Developing countries are not only dealing with the impacts of the climate crisis now, but they are also having to pay for it. Their already limited funds are diverted to responding to climate disasters and rebuilding homes, roads and schools in the aftermath of deadly storms. Additionally, countries in the Global South need money to adapt to the rapidly changing climate, to help them build resilient communities and face challenges in bringing down their own climate change emissions. 

It is unjust that rich nations who who have contributed most to the climate crisis and built their wealth by burning fossil fuels, often by plundering the natural resources of countries in the Global South in the first place, get off scot free when it comes to paying for the clean-up operation and dealing with the consequences. It is also far easier for rich countries to reduce their emissions while retaining decent standard of living for citizens. 

The richest 10% of people in the world receive more than half of the entire global income, and are responsible for over 50% of global climate emissions. In contrast, the poorest half of the world receive less than 10% of global income. A climate justice approach means implementing solutions which redress the balance, instead of increasing the burden on the poorest. Paying the climate debt is central to this.

What is climate debt?

The concept of climate debt includes a number of elements:

  • Wealthy nations must deliver their fair share of global emissions cuts, acting faster than developing countries to bring down their emissions
  • Rich countries must provide support – financial and technological – to help developing countries reduce emissions while improving living conditions
  • ‘Adaption debt’ – the money owed to help developing countries adapt to the impacts of climate change that can’t be prevented
  • An increasingly important element, known as ‘loss and damage’ relates to the compensation that countries, communities and peoples need to cope with the reality of impacts of climate change that cannot be adapted to, for example, when small island nation states simply become uninhabitable due to sea level rises.
Kwami Kpondzo from Friends of the Earth Togo (Les Amis de la Terre Togo) speaking at the UN climate talks in 2018

‘Show us the money’

Climate finance is not just a moral obligation, but a legal one. The United Nations Framework Convention on Climate Change (UNFCCC) states that wealthy countries who have a historic responsibility for causing the crisis must assist poorer countries to reduce emissions, and adapt to impacts, by providing financial support. This principle was reaffirmed in the 2015 Paris Agreement. But so far, very little climate finance has reached the people who need it, and  wealthy nations are refusing to acknowledge any liability for the loss and damage faced by poorer nations.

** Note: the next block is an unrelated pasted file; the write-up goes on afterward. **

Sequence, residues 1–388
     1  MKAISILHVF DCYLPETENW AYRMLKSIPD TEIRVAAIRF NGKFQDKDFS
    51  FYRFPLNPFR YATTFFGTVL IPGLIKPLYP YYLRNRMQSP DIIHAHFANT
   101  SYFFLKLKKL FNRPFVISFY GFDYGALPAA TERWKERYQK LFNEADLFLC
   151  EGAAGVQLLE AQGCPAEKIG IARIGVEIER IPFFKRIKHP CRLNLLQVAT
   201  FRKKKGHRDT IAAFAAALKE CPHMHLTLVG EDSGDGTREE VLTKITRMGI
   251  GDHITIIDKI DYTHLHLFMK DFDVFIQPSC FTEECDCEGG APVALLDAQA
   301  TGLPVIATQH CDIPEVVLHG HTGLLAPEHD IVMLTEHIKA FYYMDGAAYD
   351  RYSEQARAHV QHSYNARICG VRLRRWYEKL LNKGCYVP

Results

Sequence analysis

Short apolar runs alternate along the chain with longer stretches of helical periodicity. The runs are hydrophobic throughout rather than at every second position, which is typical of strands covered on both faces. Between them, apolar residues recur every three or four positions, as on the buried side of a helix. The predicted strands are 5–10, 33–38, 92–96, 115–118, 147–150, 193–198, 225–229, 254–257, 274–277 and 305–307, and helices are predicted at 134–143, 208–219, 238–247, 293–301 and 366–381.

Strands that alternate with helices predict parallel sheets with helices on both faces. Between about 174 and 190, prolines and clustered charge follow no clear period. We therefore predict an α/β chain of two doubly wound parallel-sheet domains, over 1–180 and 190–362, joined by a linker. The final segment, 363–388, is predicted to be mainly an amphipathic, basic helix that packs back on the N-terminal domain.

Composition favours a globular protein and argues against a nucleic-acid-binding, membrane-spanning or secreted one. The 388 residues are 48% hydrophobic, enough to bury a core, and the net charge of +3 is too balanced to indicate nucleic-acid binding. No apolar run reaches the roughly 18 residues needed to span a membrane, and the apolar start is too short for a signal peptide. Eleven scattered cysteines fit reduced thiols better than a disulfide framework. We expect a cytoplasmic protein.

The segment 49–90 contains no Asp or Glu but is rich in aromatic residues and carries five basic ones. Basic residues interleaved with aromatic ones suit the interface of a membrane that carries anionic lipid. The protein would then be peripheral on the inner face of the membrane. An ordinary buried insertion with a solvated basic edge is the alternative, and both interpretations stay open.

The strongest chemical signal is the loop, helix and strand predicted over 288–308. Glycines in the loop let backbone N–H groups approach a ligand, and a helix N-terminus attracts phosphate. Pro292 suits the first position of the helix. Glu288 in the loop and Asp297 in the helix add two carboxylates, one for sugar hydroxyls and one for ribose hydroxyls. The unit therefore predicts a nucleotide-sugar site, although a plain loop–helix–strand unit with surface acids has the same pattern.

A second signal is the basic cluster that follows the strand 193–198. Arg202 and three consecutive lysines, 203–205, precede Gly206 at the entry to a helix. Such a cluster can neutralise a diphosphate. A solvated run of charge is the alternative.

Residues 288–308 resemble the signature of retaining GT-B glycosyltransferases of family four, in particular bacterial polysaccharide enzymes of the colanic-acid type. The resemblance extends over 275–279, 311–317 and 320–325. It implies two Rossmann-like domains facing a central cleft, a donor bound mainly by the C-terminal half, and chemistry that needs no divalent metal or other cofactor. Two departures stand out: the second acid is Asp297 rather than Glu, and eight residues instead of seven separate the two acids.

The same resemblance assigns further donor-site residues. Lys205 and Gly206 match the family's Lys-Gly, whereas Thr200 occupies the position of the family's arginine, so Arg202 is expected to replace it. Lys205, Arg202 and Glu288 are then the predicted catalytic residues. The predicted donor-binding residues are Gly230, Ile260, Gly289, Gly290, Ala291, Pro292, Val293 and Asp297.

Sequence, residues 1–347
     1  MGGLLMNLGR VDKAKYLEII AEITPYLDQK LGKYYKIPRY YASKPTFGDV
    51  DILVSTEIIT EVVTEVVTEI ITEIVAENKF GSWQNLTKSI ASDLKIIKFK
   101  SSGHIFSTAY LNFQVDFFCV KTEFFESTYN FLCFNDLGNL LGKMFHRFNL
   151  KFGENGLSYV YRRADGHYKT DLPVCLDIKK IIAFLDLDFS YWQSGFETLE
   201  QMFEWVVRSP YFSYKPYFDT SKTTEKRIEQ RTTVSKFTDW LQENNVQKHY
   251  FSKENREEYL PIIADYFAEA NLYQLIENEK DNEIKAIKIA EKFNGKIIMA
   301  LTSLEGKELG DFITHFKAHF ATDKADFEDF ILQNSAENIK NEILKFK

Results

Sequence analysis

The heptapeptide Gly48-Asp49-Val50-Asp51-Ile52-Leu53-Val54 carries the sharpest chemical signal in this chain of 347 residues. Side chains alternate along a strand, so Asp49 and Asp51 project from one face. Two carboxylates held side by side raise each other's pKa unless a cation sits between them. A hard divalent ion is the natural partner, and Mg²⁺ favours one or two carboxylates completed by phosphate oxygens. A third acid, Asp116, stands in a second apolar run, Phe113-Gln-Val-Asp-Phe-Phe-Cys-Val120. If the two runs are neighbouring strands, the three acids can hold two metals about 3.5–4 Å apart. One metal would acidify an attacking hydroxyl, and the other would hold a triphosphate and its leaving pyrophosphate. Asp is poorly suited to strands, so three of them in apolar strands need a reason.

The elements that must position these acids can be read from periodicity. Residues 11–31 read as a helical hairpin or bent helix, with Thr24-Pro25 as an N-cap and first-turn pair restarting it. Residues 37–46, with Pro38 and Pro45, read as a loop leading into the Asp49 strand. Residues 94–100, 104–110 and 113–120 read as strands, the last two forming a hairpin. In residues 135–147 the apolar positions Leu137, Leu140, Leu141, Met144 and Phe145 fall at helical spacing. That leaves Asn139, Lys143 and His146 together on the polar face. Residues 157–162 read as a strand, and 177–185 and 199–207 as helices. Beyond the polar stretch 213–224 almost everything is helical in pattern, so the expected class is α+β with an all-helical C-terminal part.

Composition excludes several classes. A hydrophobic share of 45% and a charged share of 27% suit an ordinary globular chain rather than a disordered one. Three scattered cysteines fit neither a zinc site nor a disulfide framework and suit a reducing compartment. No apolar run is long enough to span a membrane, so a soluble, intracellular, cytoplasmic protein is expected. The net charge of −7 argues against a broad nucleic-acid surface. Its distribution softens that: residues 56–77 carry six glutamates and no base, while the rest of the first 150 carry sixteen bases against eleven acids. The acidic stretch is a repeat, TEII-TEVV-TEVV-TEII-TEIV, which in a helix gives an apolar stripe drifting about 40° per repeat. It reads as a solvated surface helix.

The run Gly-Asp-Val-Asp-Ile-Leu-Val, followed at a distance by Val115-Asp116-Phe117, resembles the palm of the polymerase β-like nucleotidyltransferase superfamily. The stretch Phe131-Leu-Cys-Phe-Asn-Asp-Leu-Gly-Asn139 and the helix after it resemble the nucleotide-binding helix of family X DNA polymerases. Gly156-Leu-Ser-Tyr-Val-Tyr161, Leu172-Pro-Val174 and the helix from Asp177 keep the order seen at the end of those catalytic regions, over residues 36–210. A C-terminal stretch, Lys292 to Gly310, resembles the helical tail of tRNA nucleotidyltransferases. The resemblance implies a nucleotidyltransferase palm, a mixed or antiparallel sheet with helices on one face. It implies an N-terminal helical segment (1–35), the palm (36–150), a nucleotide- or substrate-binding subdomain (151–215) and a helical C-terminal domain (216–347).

At the Copenhagen climate talks back in 2009, rich countries committed to giving 100 billion US dollars (that’s equivalent to around £80 billion) per year by 2020. A decade on and only about a third of that has materialised, and nowhere near enough commitments are coming forward to make up the shortfall. Every year, climate finance is a key fight at the UN climate talks with developing countries and climate justice campaigners, including Friends of the Earth International, calling for the rich countries to ‘show us the money.’ 

Achieving the Paris Agreement goal of limiting global warming to 1.5 degrees is simply not possible without huge transfer of finance from the Global North to the Global South. Climate finance is an obligation, a debt owed, additional to any existing developmental aid, and should be paid with no strings attached. 

With the UN climate talks (COP26) happening in Glasgow next year, it is more important than ever we demand our governments pay their climate debt in full. 


To keep abreast of what’s going on at COP25 follow @mmachch, @FoEScot and @FoEInt, and keep an eye on the Stop Climate Chaos Coalition’s blog.

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Caroline Rance

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